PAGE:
What is Marlin
Marlin is a firmware for the RepRap family of replicating rapid prototypers, also called “3D printers.” Specifically, Marlin runs on those printers that extrude plastic filament using a heated nozzle in a process called Fused Deposition Modeling (FDM) — aka Fused Filament Fabrication (FFF). Marlin is the software at the heart of the machine that controls and coordinates the motors, heaters, sensors, etc. in obedience to your commands.
Derived from Sprinter and grbl, Marlin became a standalone open source project on August 12, 2011 with its Github release. Marlin is licensed under the GPLv3 and is free for personal or commercial use. It stipulates that any vendor who includes Marlin on their printer must make its source code available.
From the start Marlin has been built by and for RepRap enthusiasts to be a straightforward, reliable, and adaptable printer driver that “just works.” As a testament to its robustness, Marlin 1.0.2 has been adopted by many respected makers of commercial 3D printers. Ultimaker, Printrbot, AlephObjects (Lulzbot), Prusa Research, and many others ship their printers with a variant of Marlin installed.
Marlin runs on modest 8-bit Atmel AVR micro-controllers. These are the chips at the center of the popular open source Arduino/Genuino platform. In fact, the reference platform for Marlin is a Arduino Mega2560 with RAMPS 1.4.
As a community product, Marlin aims to be adaptable to as many extant boards and configurations as possible. We want it to be configurable, customizable, extensible, and economical for hobbyists and vendors alike. A Marlin build can be very small, for use on a headless printer with only modest hardware. As the hardware is upgraded, additional features can be enabled to adapt Marlin to the new components.
- Optimized, full-featured G-Code dialect
- Intelligent motion planner with lookahead
- Fast, interrupt-based movement, linear acceleration
- Closed-loop PID heater controller
- Thermal protection / safety features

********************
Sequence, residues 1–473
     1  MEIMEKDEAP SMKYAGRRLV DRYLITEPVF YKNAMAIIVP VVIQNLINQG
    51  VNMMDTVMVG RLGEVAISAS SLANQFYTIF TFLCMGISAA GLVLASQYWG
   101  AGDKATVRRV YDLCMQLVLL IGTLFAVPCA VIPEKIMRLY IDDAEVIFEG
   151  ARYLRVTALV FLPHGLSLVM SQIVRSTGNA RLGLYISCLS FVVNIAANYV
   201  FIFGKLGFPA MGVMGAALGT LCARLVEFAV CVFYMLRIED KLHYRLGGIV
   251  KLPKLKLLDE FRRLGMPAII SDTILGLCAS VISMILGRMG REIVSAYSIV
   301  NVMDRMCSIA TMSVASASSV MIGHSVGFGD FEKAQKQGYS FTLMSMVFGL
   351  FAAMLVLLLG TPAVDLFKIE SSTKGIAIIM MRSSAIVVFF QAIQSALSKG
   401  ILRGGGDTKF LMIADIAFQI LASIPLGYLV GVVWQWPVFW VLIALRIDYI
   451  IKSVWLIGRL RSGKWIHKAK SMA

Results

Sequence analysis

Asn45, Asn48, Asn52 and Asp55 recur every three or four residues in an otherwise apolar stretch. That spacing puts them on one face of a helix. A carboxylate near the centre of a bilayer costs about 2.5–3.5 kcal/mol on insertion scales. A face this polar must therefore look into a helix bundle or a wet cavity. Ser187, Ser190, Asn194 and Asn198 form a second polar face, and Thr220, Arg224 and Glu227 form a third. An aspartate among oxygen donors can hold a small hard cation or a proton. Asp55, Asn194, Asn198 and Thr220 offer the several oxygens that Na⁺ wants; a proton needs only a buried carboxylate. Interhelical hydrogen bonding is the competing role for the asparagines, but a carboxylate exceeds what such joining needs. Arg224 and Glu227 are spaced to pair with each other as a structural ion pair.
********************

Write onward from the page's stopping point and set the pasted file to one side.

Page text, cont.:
- Host-based and SD Card printing, autostart
- LCD controller driver in more than 20 languages
- Bed Leveling: Automatic (Plane or Mesh) and Manual (Mesh)
- Advance extrusion option
- Volumetric extrusion option
- Full G-Code movement with lines, arcs, Bézier curves
- Kinematics: Cartesian, Delta, SCARA, and Core/H-Bot
- Support for up to 4 hotends and heated bed, with automatic PID tuning
- Support for mixing and multi-extruders (Cyclops, Chimera, Diamond)
- Support for Filament Runout/Width Sensors
- Print job timer / counter
How Marlin Works
Marlin is made for 3D printers which perform additive manufacturing by Fused Deposition Modeling. In this process, a nozzle is heated up and, under computer control, plastic filament is pushed through the nozzle to extrude and cure the plastic in successive layers, each supported by the one below. After several minutes (or many hours) of building up a form in this way, the result is a physical object.
Marlin Firmware resides on the 3D printer’s main board and runs whenever the machine is turned on. Its job is to manage all the realtime activities of the machine. It coordinates the heaters, steppers, sensors, lights, LCD display, buttons, and everything else that needs doing as part of the 3D printing process.
In order make the machine act as an obedient printing device, Marlin monitors the USB port for input and can read files on SD card, interpreting and running each command as it comes in. Marlin takes commands in a very simple language called G-Code. G-Code commands tell the machine to do simple things like “set heater 1 to 180,” or “move to XY at speed F.”
Regardless of your CAD toolchain, as long as a solid model can be exported out of it, one of the FDM slicers will be able to convert the model into G-Code, and Marlin firmware will try its best to print the final result.
Before Marlin can dream of printing, first you’ll need a 3D model of some object. Either download one or model something with one of the many free CAD programs, such as FreeCAD, OpenSCAD, Tinkercad, Autodesk 123D, or SketchUp.
A high degree of knowledge is needed to model complex objects like a T-Rex Skull but other objects can be quite simple to model. To get ideas and test things out, explore sites like Thingiverse and YouMagine and print things for fun.
With a model chosen, next it needs to be “sliced” for 3D printing. A “slicer” prepares the solid 3D model by dividing it up into thin slices (layers). In the process it generates a G-Code file that tells the printer in minute detail how to reproduce the model. There are many slicers to choose from, including:
- Cura produces nice results.
- Slic3r continues to advance.
- Simplify3D is a solid commercial offering.
- Skeinforge is highly tunable, but complex.
Once the G-Code is created you’re almost ready to print. Marlin can be controlled entirely from a host or it can print in standalone mode from an LCD controller or SD Card slot.
Host software is available for several platforms, including desktop systems, Raspberry Pi, Android tablets, etc. Any device with a USB port and serial terminal can technically act as a host, but a better printing experience is had with host software designed specifically for 3D printers such as: